Moss, DM and Curley, P and Kinvig, H and Hoskins, C and Owen, A (2017) The biological challenges and pharmacological opportunities of orally administered nanomedicine delivery. Expert Review of Gastroenterology and Hepatology. ISSN 1747-4132

[img] Text
Main text blinded.docx - Accepted Version
Restricted to Repository staff only until 8 November 2018.
Available under License Creative Commons Attribution Non-commercial.

Download (231kB)

Abstract

Introduction
Nano-scale formulations are being developed to improve the delivery of orally administered medicines, and the interactions between nanoformulations and the gastrointestinal luminal, mucosal and epithelial environment is currently being investigated. The mucosal surface of the gastrointestinal tract is capable of trapping and eliminating large particles and pathogens as part of the natural defences of the body, it is becoming clearer that nanoformulation properties such as particle size, charge, and shape, as well as mucous properties such as viscoelasticity, thickness, density, and turn-over time are all relevant to these interactions. However, progress has been slow to utilise this information to produce effective mucous-penetrating particles.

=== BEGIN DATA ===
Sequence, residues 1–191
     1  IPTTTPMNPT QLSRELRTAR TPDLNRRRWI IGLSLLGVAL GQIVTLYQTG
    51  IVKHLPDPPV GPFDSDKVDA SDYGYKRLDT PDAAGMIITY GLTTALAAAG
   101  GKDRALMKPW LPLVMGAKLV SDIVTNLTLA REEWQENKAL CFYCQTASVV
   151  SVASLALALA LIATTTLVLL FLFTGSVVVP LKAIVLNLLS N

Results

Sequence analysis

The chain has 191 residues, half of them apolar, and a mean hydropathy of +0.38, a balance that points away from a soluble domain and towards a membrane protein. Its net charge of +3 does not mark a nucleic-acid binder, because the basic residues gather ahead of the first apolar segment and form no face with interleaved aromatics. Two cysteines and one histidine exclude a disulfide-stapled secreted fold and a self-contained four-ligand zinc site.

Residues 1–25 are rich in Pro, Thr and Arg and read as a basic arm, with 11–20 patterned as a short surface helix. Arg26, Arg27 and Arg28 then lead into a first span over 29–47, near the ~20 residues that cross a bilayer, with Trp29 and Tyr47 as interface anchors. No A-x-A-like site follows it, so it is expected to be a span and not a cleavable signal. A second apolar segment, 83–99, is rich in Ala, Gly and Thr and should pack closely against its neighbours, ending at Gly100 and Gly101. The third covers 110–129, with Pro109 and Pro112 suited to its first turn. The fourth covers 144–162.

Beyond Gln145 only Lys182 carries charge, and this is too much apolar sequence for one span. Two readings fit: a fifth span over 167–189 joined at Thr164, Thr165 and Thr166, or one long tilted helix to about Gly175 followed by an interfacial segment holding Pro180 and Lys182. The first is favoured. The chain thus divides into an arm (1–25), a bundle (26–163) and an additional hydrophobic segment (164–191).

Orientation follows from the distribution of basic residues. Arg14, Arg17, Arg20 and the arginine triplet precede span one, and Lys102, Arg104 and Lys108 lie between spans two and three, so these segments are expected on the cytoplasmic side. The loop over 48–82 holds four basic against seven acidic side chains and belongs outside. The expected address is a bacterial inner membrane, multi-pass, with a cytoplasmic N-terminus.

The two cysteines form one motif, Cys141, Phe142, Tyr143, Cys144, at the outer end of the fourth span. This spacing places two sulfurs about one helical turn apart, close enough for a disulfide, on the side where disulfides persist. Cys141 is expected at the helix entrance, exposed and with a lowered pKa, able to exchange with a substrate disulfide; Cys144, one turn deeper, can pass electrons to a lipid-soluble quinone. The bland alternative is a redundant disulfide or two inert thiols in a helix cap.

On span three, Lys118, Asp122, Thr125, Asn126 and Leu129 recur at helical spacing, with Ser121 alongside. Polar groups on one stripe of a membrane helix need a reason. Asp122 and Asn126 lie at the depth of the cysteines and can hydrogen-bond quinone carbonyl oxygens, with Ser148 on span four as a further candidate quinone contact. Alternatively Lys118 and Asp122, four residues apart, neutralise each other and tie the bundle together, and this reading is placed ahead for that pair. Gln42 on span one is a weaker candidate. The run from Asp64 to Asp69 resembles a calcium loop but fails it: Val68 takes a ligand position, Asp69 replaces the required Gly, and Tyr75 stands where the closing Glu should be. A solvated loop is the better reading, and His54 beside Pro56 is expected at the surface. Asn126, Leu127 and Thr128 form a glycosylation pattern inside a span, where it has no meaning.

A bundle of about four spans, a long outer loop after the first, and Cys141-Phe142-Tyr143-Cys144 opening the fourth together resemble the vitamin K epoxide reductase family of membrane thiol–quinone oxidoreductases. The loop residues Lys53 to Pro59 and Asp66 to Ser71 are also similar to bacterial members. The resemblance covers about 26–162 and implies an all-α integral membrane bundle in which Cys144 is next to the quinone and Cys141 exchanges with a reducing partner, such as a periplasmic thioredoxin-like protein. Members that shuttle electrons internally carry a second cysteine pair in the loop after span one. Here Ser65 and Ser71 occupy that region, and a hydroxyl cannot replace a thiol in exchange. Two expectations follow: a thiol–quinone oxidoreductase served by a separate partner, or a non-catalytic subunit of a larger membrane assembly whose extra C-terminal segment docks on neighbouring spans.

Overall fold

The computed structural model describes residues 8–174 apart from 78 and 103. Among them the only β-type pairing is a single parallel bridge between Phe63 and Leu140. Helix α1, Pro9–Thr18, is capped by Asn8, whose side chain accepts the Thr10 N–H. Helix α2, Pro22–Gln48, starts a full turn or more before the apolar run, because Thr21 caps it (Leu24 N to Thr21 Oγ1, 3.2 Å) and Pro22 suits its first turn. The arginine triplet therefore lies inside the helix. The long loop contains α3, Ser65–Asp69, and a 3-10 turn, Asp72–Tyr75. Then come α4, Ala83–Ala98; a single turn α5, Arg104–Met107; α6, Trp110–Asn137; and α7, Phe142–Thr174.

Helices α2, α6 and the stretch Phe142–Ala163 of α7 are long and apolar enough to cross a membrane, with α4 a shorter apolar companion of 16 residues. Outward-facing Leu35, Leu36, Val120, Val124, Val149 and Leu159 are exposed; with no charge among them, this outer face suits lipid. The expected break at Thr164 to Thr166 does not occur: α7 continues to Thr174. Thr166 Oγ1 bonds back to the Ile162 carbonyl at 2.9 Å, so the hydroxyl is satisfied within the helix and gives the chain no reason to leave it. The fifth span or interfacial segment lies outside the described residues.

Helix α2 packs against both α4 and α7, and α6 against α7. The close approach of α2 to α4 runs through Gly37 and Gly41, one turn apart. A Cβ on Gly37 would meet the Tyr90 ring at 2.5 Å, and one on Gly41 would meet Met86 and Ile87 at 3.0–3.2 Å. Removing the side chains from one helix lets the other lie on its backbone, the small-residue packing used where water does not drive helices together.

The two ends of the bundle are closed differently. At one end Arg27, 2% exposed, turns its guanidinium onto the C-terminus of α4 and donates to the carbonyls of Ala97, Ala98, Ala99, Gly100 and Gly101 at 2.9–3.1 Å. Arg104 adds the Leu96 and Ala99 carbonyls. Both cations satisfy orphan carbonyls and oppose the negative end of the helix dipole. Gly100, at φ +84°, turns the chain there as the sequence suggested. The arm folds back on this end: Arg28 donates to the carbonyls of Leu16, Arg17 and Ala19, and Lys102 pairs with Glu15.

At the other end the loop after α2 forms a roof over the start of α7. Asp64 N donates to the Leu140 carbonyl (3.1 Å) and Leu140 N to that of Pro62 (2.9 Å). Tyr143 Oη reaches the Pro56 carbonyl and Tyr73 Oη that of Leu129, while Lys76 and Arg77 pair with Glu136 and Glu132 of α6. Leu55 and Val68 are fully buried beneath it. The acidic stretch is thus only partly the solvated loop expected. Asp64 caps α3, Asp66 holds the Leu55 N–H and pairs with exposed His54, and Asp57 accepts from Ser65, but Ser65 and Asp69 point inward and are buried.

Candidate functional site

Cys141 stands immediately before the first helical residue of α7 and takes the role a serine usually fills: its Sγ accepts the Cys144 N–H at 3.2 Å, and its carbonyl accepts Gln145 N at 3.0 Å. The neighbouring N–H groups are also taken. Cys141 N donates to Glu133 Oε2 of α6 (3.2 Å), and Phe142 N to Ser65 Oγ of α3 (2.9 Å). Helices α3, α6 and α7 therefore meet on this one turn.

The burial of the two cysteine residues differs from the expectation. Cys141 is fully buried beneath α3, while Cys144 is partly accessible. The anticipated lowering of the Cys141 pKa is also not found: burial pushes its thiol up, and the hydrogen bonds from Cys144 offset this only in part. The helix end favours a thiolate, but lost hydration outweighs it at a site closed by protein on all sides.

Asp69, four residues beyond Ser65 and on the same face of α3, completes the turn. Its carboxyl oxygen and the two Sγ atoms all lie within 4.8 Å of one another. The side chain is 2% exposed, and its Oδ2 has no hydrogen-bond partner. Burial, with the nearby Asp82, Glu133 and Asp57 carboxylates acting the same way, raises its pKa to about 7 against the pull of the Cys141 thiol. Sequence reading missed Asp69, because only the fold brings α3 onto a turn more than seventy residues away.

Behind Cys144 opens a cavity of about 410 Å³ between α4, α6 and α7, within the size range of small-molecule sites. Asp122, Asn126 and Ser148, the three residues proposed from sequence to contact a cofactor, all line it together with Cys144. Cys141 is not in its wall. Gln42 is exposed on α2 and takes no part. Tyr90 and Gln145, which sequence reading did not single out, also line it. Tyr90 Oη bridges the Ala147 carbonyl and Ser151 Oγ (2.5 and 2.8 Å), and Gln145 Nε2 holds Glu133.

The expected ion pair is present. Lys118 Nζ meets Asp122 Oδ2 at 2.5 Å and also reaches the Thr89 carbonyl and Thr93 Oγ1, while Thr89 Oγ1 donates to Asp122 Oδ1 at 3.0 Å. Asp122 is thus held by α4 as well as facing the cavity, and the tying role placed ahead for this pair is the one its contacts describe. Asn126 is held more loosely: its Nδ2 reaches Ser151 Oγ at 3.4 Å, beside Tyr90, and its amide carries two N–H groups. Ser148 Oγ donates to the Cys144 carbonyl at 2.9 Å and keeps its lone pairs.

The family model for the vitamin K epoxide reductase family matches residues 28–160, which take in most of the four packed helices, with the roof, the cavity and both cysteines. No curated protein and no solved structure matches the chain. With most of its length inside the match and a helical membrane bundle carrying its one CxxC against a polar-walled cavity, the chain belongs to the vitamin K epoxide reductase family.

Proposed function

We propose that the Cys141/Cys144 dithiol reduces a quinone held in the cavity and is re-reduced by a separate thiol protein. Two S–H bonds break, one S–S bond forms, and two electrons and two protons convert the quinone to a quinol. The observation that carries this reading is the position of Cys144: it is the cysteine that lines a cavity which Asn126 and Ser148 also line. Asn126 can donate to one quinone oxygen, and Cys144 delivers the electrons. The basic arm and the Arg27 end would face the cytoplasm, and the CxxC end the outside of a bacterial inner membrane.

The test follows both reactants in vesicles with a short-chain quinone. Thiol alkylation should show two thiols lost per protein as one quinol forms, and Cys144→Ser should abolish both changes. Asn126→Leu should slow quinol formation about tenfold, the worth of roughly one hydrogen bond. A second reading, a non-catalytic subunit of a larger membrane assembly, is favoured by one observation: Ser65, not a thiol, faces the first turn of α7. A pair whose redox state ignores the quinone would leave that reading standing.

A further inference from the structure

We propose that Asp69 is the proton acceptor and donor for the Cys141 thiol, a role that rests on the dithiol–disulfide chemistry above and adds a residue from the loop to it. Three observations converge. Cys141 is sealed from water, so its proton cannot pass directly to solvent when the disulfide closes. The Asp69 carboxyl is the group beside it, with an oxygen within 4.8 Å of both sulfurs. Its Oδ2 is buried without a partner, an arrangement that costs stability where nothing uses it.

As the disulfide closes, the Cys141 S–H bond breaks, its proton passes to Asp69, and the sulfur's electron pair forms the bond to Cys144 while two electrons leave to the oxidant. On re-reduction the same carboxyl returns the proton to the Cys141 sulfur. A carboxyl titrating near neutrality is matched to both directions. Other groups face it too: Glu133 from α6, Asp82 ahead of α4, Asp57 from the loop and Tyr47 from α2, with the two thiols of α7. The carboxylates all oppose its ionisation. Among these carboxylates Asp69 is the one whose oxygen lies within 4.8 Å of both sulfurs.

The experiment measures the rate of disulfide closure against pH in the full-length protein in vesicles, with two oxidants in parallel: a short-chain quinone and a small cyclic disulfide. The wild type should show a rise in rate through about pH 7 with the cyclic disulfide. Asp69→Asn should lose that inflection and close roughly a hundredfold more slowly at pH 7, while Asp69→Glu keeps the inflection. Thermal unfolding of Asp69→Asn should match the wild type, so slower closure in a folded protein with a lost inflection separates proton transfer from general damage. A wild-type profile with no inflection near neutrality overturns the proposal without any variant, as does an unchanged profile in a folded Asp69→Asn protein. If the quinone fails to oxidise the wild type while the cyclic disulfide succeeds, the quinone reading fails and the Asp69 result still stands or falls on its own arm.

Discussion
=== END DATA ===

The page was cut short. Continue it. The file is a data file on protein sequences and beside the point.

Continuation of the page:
Areas covered
This review focuses on delivery method of nanomedicines both into and across the gastrointestinal mucosal surface, and aims to summarise the biological barriers that exist to successful oral nanomedicine delivery and how these barriers may be investigated and overcome.

Expert commentary
Despite successes in the laboratory, no nanotechnology-enabled products are currently in clinical use which either specifically target the intestinal mucous surface or cross the epithelial barrier intact. New nanomedicine-based treatments of local diseases (intestinal cancer, inflammation, infection) and systemic diseases are advancing towards clinical use, and offer genuine opportunities to improve therapy.

Item Type: Article
Additional Information: This is the accepted author manuscript (AAM). The final published version (version of record) is available online via Taylor & Francis at http://dx.doi.org/10.1080/17474124.2018.1399794 - please refer to any applicable terms of use of the publisher.
Uncontrolled Keywords: nanomedicine, intestine, mucous, targeted drug delivery, mucoadhesion
Subjects: R Medicine > R Medicine (General)
R Medicine > RS Pharmacy and materia medica
Divisions: Faculty of Medicine and Health Sciences > School of Pharmacy
Depositing User: Symplectic
Date Deposited: 09 Nov 2017 12:03
Last Modified: 09 Nov 2017 12:03
URI: http://eprints.keele.ac.uk/id/eprint/4198

Actions (login required)

View Item View Item